Game Freak has announced it's introducing an optional 4-day work week for some of its employees. The Game Freak 4-day work week will allow eligible employees to take an extra day off a week to tend to children or family matters, although they'll have to take a pay cut.
How will the Game Freak 4-day work week operate?
Following in the footsteps of companies like Eidos Montreal, the Game Freak 4-day work week will allow employees to choose to work only 4 days out of 5 in the week if they prefer. According to Automaton Media (translating from the original Japanese press release), employees with an elementary school-age child, or those who need to care for a family member, will be eligible for the 4-day work week and will be able to drop a day in the week to tend to their obligations.
Of course, there's a catch. If employees do decide to take advantage of the 4-day work week, they'll be paid 80% of their standard salary for the period during which they're dropping the fifth day. This is arguably therefore not a true 4-day working week, but it's still a start. In addition, employees can choose to opt into the 4-day week on a month-by-month basis, so if they find themselves freer during a certain month, they can work a 5-day week again if they choose. It's also worth stressing that this is an optional program, so employees don't have to take advantage of it if they don't want to.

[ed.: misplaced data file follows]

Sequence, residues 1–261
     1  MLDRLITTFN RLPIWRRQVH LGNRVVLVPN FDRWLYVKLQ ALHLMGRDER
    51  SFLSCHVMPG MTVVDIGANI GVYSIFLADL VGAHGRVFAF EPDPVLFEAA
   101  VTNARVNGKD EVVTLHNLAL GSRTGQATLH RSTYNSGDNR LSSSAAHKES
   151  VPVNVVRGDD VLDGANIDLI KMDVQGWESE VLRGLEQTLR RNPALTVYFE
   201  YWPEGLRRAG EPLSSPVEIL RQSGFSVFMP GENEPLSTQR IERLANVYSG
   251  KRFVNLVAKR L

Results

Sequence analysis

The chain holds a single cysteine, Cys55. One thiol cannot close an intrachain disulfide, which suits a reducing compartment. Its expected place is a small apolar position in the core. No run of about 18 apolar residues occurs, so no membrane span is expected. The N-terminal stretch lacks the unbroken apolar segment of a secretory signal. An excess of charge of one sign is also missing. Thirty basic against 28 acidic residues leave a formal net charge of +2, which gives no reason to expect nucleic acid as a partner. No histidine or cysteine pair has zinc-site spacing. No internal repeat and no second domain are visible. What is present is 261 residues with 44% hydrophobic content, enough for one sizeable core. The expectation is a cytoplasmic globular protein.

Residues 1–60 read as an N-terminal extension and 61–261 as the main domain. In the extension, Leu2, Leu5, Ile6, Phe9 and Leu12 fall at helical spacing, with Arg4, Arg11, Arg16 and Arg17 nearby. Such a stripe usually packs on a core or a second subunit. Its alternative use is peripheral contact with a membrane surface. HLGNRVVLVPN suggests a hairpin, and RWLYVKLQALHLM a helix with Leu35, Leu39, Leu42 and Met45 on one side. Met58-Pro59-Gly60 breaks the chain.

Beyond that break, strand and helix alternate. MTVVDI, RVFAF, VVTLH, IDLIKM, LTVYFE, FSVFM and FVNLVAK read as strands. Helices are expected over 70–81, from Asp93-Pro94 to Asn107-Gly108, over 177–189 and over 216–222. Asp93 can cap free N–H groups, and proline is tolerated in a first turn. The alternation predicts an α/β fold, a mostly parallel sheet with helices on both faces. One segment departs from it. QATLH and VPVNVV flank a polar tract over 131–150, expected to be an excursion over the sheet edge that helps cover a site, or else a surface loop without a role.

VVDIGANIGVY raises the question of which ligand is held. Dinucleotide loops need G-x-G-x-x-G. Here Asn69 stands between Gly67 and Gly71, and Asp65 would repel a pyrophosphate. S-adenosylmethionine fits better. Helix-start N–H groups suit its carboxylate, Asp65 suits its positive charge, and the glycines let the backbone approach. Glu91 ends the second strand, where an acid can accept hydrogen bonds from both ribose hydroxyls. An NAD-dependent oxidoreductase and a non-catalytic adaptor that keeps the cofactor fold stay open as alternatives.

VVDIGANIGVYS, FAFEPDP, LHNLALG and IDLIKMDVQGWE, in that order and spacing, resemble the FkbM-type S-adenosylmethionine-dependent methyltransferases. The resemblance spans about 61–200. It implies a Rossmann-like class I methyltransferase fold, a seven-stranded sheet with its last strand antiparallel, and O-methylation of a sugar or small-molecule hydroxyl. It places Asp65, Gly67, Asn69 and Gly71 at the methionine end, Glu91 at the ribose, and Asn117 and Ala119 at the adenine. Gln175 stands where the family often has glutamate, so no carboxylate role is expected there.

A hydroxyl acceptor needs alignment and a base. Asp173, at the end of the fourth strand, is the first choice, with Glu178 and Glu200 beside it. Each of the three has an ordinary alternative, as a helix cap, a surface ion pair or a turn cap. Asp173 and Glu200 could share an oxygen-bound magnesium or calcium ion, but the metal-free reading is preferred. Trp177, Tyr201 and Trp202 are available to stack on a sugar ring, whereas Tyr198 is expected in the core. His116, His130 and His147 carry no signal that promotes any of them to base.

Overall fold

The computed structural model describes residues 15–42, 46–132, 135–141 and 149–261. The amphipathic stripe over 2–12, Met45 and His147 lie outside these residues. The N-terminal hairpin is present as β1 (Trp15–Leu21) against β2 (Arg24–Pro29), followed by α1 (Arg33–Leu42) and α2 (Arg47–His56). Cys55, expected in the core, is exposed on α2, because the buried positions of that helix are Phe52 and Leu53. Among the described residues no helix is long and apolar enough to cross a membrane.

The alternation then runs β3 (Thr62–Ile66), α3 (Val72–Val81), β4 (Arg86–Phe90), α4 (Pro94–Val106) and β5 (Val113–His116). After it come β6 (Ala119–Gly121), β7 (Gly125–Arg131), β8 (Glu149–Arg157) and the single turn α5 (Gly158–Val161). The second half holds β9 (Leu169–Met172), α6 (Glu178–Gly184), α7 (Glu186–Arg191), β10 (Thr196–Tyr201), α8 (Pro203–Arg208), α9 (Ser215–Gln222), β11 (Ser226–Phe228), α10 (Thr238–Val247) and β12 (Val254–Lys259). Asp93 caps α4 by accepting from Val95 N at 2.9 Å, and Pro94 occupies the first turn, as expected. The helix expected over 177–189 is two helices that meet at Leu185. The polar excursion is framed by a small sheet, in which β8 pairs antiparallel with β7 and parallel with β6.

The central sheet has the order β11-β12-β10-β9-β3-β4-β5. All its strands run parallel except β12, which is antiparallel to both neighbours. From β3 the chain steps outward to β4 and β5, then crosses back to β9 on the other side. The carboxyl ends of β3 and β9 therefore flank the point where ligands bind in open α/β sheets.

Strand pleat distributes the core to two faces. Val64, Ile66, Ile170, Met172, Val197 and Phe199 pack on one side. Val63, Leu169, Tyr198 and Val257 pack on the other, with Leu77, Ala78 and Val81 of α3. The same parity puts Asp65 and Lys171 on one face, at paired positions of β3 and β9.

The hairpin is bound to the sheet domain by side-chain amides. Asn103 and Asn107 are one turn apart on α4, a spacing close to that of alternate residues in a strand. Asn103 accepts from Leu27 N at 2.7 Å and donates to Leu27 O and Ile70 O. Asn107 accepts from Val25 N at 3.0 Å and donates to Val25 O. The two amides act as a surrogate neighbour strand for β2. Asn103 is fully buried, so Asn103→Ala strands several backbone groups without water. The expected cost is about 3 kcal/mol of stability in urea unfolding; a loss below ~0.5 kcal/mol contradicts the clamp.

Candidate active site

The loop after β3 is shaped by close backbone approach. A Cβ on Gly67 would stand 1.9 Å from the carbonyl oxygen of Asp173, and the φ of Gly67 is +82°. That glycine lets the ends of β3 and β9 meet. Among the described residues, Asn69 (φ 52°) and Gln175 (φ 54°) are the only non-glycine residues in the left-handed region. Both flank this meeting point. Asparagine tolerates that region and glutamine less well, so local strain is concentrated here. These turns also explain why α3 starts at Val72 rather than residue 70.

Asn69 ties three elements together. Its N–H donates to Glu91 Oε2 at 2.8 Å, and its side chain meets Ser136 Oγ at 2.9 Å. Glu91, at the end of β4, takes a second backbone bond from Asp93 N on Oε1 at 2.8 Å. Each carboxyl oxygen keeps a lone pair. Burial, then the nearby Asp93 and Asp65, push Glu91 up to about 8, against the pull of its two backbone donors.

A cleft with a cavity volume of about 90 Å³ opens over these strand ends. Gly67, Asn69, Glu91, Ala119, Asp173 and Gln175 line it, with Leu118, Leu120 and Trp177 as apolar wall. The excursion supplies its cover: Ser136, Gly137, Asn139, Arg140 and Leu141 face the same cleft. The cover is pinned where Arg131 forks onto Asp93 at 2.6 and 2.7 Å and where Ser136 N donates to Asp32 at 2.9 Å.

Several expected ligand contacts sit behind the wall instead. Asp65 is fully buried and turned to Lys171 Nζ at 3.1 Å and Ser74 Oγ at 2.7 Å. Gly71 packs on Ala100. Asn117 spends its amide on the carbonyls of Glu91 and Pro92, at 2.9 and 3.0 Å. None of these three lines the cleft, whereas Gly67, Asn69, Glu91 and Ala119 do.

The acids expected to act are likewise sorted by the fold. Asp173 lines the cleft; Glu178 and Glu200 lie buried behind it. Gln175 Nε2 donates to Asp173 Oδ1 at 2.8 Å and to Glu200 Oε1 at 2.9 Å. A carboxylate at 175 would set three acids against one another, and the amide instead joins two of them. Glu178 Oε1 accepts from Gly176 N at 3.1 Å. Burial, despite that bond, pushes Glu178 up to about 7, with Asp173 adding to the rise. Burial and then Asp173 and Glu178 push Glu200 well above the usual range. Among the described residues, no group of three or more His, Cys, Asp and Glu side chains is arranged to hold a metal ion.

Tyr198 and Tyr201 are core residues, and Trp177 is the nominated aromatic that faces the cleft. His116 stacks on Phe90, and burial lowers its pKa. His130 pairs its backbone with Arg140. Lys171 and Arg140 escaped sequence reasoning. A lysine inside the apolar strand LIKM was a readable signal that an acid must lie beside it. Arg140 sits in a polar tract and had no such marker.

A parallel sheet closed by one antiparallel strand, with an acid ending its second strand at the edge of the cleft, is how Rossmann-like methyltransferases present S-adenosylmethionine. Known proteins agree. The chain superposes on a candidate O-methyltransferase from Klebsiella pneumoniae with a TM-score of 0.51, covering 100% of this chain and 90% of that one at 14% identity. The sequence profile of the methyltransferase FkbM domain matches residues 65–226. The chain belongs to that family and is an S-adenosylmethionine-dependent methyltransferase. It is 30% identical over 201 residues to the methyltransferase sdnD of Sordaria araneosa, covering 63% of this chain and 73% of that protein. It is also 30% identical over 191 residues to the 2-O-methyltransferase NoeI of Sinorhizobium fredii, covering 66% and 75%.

Is the gaming industry getting better at looking after its employees?
There's been a lot written recently about the gaming industry's mistreatment of its employees. Whether it's major gaming companies' distaste for unionization or employees alleging harassment and poor working conditions, there's an increasing amount of evidence regarding the industry's need to treat its workers better. Of course, industry heads are making token noises about improving conditions for their employees, but we'll have to wait and see whether conditions really do improve at some of the world's most prominent gaming studios.
Initiatives like Game Freak's 4-day working week (however many caveats there might be around it), as well as pay raises at companies like Capcom and Bandai Namco, certainly feel like a step in the right direction. However, it's difficult to extrapolate serious improvement across the industry from these cases, however major they may be. Here's hoping that more companies see the benefits of the 4-day working week and consider implementing it themselves in the near future.